Wed, Jul 21, 2004 - Page 6 News List

Blair pledges more AIDS funding for developing nations

THE GUARDIAN , LONDON

British Prime Minister Tony Blair yesterday launched Britain's strategy against the AIDS pandemic in the developing world, promising more money to children who have been orphaned by disease and to the Global Fund which helps countries pay for life-saving treatment.

Speaking at a breakfast at 10 Downing Street with orphans and young people made vulnerable by AIDS, Blair stressed his personal commitment to the battle to stem the tide of death in the developing world.

"Ignoring the issue of AIDS is simply not an option," he said.

"This is a tragedy that spans personal and global scales and it is appalling that life expectancy in some of the worst affected areas is falling back to pre-1950 levels."

"But this is not just about the millions of personal and family tragedies, appalling though these are. Already fragile economies are seeing their working age populations destroyed," he said.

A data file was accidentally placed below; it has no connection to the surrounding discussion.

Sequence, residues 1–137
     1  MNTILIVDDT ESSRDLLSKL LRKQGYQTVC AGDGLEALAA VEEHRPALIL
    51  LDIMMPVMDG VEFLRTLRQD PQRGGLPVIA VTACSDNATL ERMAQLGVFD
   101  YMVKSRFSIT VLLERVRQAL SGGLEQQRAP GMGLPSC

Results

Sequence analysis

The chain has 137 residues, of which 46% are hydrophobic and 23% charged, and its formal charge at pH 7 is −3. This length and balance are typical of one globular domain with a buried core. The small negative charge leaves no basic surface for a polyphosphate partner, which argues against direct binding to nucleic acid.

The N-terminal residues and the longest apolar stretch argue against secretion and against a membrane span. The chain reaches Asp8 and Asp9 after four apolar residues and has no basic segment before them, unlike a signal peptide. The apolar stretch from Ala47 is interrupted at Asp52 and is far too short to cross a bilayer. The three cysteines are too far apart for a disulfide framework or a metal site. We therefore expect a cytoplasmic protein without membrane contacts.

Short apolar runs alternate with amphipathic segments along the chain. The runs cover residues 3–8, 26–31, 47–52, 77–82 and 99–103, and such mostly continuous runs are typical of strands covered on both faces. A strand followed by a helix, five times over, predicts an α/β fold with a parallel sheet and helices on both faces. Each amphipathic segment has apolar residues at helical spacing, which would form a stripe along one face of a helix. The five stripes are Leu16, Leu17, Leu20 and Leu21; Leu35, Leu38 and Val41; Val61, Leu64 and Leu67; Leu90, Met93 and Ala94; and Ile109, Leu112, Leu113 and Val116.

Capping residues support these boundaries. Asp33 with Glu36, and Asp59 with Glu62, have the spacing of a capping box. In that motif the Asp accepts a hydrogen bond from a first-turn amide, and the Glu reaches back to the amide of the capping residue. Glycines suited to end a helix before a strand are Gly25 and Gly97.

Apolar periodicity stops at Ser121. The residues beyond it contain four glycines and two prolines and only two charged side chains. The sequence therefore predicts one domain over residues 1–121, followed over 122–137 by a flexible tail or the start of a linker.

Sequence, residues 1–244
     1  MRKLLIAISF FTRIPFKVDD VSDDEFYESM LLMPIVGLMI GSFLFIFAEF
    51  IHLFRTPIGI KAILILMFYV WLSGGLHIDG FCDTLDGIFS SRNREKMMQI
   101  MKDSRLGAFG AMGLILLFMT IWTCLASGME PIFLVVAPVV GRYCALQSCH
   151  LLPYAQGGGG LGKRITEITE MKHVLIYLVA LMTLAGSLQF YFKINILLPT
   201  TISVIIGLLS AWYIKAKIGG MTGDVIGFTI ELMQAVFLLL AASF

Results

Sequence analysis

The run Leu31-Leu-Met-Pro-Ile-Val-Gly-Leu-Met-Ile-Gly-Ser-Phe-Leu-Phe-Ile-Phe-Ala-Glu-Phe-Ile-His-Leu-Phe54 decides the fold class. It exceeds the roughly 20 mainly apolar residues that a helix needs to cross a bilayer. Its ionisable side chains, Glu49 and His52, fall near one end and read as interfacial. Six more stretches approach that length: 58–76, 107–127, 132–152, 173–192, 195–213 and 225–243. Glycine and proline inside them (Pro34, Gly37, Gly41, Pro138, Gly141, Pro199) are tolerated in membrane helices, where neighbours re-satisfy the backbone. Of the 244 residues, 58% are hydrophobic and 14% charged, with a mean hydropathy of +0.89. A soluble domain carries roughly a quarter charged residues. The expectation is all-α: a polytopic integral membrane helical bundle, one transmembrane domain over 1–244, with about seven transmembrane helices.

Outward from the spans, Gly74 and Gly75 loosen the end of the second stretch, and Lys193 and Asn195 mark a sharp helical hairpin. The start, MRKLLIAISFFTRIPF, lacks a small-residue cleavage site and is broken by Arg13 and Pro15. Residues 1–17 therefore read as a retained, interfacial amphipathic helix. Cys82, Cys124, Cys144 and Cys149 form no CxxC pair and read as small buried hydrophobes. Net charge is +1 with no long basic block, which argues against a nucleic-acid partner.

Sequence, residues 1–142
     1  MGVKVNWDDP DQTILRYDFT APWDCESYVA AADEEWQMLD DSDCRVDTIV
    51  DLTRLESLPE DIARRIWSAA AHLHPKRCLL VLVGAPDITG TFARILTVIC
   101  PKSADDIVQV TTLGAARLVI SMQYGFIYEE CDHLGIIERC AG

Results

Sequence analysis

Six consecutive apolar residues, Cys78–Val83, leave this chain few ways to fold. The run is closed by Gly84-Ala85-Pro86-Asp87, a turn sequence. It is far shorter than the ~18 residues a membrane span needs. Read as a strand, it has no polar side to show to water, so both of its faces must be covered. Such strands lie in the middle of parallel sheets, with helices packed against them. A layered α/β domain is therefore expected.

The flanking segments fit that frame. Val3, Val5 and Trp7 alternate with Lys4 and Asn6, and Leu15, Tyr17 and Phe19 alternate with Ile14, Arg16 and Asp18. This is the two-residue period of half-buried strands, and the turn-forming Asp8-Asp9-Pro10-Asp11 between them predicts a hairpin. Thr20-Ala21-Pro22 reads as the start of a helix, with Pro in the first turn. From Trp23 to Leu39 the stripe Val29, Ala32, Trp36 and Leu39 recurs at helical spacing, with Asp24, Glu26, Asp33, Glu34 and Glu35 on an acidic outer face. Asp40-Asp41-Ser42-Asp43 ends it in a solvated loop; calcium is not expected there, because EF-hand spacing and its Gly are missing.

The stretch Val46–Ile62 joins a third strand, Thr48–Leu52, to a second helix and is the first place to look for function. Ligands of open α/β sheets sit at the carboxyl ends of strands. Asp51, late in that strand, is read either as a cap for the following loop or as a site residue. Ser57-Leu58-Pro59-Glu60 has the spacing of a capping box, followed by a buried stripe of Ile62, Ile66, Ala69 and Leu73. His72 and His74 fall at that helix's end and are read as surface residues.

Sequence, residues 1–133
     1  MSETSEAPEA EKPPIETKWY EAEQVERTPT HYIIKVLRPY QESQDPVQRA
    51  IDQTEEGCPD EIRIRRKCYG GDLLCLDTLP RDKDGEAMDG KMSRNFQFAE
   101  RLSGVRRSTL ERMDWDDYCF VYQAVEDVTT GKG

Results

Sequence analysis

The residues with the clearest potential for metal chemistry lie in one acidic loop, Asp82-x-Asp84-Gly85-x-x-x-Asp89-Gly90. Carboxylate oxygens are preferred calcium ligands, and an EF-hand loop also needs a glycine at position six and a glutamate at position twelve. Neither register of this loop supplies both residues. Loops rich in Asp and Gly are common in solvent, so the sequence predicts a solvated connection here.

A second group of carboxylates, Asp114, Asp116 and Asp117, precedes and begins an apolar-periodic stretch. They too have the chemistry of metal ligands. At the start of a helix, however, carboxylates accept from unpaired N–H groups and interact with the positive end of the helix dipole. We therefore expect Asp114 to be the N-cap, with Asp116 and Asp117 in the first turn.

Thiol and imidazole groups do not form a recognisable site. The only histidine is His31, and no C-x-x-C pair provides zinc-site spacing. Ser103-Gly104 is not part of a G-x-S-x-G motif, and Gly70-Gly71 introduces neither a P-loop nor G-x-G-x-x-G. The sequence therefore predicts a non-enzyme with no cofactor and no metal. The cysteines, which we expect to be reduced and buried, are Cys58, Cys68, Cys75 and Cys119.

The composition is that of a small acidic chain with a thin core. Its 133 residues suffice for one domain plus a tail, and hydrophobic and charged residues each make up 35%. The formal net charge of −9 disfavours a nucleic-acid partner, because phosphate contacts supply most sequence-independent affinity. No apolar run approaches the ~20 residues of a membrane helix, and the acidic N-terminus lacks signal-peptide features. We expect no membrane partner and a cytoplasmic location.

"We cannot hope to tackle poverty on a global scale without addressing AIDS. Today's strategy will place Britain at the forefront of this response," he said.

Last week, Chancellor of the Exchequer Gordon Brown announced ?1.5 billion (US$2.8 billion) in AIDS funding in his spending review. Blair revealed that ?150 million would go toward helping children who have lost parents to AIDS.

He also announced that Britain's contribution to the Global Fund for HIV-AIDS, tuberculosis and malaria would double to ?150 million over three years -- a significant departure from the stance of the US government, which has committed only a small part of its US$15 billion AIDS budget to the Global Fund.

The new strategy sets out how Britain will work with affected countries, other donors and multilateral organizations.

"[It will] coordinate international efforts, close the ?6.6 billion funding gap, and improve health, education and human rights for the most vulnerable in developing countries," Blair said.

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